Related: Maclean’s annotates the federal budget

Let’s work through the situation in detail. What if growth stays low and the Liberals allow the deficit to stay at 1.5 per cent of GDP instead of shrinking it in the years to come. How long would it take to get back to the nightmare 1995 scenario?

Here’s the answer. I’ve graphed some scenarios below out to the year 2099. I assume the deficit stays constant at the 2016 level of 1.5 per cent of GDP out into the future. I’ve chosen three growth scenarios, with nominal annual growth of 2.5 per cent, four per cent, and five per cent. If you factor in expected inflation, these correspond to real growth of about 0.5 per cent, two per cent, and three per cent. As a benchmark, the average nominal GDP growth in the 2000-14 era was 4.25 per cent. I’ve also put in the 2016 Budget plan and the 1995-96 debt-to-GDP ratio as reference points. The data can be found here.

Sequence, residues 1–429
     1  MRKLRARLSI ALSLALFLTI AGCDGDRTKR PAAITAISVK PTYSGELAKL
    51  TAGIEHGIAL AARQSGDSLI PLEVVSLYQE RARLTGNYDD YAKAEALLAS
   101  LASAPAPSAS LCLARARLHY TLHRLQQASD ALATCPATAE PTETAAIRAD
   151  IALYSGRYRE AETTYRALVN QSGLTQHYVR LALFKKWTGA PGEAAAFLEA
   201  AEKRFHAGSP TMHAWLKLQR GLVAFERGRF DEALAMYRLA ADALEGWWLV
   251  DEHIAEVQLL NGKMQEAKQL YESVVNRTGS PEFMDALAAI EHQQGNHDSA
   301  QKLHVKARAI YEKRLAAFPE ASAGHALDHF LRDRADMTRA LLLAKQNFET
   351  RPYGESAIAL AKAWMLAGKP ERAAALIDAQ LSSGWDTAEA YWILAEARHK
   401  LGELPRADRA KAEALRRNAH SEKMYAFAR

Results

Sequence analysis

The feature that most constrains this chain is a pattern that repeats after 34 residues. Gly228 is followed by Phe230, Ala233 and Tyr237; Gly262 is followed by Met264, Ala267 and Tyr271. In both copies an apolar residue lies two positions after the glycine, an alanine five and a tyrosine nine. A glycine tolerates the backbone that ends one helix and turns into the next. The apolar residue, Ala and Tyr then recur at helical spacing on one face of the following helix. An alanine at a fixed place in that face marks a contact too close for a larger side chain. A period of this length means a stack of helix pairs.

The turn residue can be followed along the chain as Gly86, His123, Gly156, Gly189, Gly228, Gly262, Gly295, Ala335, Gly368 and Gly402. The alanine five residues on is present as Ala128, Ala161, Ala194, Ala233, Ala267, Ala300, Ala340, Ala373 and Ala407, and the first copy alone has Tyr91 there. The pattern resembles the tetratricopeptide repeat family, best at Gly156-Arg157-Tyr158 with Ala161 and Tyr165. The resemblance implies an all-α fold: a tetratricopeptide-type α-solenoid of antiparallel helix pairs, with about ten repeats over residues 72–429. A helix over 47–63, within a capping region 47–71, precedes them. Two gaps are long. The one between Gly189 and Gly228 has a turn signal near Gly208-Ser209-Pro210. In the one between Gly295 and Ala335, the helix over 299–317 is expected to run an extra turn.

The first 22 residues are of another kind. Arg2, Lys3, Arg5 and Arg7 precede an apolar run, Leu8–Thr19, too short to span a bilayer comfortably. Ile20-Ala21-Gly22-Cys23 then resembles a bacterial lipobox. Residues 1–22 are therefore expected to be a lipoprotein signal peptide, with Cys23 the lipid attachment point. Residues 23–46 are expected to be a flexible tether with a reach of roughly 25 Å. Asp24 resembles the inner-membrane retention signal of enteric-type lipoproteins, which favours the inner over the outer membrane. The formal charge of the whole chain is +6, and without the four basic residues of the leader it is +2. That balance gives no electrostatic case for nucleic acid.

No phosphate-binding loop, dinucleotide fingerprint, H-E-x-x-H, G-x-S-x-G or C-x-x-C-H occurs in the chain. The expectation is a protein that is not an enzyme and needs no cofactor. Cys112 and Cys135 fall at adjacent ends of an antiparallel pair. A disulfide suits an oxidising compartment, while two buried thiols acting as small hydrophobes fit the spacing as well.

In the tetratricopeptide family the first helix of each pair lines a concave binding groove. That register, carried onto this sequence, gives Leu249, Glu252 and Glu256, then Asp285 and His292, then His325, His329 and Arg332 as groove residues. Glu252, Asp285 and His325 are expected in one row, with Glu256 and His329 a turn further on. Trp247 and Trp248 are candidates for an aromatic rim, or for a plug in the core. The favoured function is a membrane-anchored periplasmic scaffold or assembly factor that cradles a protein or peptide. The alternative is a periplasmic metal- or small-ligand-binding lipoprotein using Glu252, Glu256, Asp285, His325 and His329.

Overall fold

Debt to GDP ratios under three alternative growth scenarios

Debt to GDP ratios under three alternative growth scenarios

If nominal growth hits five per cent—which is ambitious—we’d see almost no increase in the debt-to-GDP ratio at all. In the very pessimistic 2.5 per cent low-growth scenario the debt-to-GDP ratio is still below 60 per cent by 2099. It wouldn’t exceed 60 per cent until 2137—that’s 121 years from now. The modest growth scenario has the debt-to-GDP settling in just under 40 per cent long into the future.